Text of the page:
The Tel-Aviv Museum of Art
The Tel-Aviv Museum of Art was established in 1932 and began operating in Beit Dizengoff
, the home of Tel Aviv’s first mayor, Meir Dizengoff
, on 16 Rothschild Boulevard.
Dizengoff appointed an advisory committee whose members included Reuven Rubin, Arieh Allweil, Batya Lishansky and Haim Glicksberg. Dizengoff put forward his vision in one of his addresses: “When we understood that Tel-Aviv was city with prospects of becoming unique and big and the focal point of modern Judaism in the country and the Diaspora, we began to feel the need to develop beauty and all spheres of art. We realized that you cannot build buildings, pave roads, and improve the city without paying attention to aesthetics and harmony, and without developing people’s fine taste for all human creation. With this perspective the Tel- Aviv Museum was founded.”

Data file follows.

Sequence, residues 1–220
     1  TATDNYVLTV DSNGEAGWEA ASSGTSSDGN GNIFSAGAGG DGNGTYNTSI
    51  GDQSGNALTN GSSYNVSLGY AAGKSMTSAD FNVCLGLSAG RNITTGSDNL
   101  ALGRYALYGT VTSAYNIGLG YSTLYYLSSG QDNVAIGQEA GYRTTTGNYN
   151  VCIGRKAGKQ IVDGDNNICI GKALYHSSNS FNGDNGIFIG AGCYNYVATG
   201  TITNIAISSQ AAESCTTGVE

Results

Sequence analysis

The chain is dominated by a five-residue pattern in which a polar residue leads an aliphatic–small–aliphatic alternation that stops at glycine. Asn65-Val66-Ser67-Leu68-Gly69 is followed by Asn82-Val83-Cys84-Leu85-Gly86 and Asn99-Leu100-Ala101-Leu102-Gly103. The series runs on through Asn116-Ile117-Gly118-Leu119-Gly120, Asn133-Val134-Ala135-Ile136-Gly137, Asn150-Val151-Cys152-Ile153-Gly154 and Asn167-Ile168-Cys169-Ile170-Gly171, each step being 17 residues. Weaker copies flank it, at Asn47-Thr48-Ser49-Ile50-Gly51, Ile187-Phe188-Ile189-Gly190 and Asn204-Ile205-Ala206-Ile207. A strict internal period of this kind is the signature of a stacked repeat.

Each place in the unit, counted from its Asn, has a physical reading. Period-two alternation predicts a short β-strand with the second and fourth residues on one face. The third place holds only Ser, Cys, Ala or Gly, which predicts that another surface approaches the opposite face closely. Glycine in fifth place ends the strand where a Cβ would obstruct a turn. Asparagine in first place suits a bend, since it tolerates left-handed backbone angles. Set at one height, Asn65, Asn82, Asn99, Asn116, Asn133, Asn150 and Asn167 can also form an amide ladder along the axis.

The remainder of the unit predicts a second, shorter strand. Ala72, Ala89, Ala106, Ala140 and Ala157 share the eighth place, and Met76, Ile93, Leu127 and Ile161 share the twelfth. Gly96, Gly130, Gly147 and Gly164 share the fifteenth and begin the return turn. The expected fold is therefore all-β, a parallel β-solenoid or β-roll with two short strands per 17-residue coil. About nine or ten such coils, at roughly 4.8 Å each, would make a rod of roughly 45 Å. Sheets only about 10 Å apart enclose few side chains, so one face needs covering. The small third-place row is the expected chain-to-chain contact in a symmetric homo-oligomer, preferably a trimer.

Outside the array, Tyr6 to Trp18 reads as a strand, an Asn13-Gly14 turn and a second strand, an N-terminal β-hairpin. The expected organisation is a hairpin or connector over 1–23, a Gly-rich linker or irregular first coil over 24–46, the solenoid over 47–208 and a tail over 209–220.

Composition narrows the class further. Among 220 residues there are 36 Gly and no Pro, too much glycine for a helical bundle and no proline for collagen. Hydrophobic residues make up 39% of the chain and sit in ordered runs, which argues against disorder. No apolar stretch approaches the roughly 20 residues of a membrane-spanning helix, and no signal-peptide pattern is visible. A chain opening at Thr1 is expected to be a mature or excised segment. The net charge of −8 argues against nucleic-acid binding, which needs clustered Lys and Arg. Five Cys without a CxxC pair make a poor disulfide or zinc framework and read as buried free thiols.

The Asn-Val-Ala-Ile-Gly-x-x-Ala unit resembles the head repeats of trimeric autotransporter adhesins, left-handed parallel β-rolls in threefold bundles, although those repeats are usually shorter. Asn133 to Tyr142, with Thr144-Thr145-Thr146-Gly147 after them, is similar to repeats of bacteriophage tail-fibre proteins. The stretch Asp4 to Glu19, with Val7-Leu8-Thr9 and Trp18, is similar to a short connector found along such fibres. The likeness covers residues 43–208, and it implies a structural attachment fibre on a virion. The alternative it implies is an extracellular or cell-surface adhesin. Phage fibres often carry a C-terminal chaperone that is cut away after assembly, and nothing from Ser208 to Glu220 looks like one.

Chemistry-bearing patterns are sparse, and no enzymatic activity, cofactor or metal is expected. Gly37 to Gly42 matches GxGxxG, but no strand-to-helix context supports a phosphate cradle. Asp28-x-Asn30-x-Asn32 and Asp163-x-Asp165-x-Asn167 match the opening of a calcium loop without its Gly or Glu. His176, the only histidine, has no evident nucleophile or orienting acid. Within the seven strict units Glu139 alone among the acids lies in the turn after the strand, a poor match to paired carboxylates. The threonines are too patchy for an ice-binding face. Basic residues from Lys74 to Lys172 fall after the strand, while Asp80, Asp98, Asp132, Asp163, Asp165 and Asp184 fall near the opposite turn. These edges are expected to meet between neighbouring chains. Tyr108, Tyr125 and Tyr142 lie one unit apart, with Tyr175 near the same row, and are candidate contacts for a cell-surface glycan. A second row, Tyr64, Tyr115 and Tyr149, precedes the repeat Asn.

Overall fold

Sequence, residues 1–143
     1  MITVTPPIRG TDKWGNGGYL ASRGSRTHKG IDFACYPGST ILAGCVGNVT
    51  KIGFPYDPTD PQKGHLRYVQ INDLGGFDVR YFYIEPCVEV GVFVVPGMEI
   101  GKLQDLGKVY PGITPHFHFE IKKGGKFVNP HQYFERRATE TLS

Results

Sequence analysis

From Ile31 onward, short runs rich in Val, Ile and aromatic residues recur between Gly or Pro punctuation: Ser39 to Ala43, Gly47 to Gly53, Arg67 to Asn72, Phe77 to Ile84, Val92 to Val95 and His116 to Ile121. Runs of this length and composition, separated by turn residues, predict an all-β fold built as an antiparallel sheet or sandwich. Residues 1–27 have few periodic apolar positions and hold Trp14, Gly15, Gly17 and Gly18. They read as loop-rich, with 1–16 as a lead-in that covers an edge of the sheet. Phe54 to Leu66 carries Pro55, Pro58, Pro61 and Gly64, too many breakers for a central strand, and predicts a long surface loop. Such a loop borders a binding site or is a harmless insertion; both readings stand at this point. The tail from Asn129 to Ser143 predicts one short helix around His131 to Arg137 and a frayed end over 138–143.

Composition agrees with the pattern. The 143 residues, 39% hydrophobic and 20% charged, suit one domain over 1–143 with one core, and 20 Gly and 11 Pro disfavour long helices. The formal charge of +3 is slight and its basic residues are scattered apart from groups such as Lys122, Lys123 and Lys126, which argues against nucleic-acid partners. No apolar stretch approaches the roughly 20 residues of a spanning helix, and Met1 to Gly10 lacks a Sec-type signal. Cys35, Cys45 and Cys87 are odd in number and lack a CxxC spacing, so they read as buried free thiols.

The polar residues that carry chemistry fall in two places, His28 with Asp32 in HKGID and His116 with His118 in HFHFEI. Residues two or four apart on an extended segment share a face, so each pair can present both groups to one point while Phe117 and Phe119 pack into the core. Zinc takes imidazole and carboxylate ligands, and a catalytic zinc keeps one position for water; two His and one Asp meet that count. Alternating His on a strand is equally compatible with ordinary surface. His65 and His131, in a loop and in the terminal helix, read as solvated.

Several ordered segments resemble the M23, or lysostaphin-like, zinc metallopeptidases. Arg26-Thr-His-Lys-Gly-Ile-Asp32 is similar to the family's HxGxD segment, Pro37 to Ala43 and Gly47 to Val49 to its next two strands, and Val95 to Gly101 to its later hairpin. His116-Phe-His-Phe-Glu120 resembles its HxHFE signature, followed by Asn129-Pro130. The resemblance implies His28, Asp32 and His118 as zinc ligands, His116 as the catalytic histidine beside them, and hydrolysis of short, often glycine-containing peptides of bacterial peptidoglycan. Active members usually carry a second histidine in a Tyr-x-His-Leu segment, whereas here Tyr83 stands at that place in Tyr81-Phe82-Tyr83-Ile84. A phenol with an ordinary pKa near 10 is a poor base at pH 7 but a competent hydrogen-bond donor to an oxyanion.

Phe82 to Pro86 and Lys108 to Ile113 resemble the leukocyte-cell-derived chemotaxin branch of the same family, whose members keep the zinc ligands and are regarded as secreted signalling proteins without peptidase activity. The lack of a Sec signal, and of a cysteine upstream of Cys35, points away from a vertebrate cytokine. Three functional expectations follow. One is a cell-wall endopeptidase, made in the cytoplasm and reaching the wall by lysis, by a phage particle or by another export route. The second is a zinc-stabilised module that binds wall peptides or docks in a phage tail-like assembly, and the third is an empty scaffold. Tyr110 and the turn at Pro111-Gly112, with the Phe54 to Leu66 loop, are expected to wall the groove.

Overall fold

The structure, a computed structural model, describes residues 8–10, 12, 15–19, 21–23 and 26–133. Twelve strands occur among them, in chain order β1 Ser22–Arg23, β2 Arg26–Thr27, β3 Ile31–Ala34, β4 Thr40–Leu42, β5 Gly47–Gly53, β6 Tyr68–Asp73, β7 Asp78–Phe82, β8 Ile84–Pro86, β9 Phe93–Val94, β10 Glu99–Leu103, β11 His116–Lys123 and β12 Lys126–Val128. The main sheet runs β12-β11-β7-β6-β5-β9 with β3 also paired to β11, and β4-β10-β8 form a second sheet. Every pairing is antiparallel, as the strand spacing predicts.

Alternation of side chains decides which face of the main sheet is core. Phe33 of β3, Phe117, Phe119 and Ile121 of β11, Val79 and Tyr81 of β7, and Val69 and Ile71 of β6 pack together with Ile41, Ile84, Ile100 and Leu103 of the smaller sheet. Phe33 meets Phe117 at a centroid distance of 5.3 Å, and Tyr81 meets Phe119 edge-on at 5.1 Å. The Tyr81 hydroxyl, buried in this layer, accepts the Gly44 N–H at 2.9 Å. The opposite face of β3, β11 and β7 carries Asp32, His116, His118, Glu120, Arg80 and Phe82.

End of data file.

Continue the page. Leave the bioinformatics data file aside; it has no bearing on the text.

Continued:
The museum displayed the artistic works of local and foreign artists and was a vibrant cultural center in the nascent city. Tel-Aviv Museum’s successes in Beit Dizengoff and the expansion of its collections mandated the building of a permanent venue with larger exhibition spaces. In 1959 the Helena Rubinstein Pavilion for Contemporary Art was inaugurated on Tarsat Boulevard. In 1971 the main building of the Tel-Aviv Museum of Art was inaugurated on Shaul Hamelech Boulevard.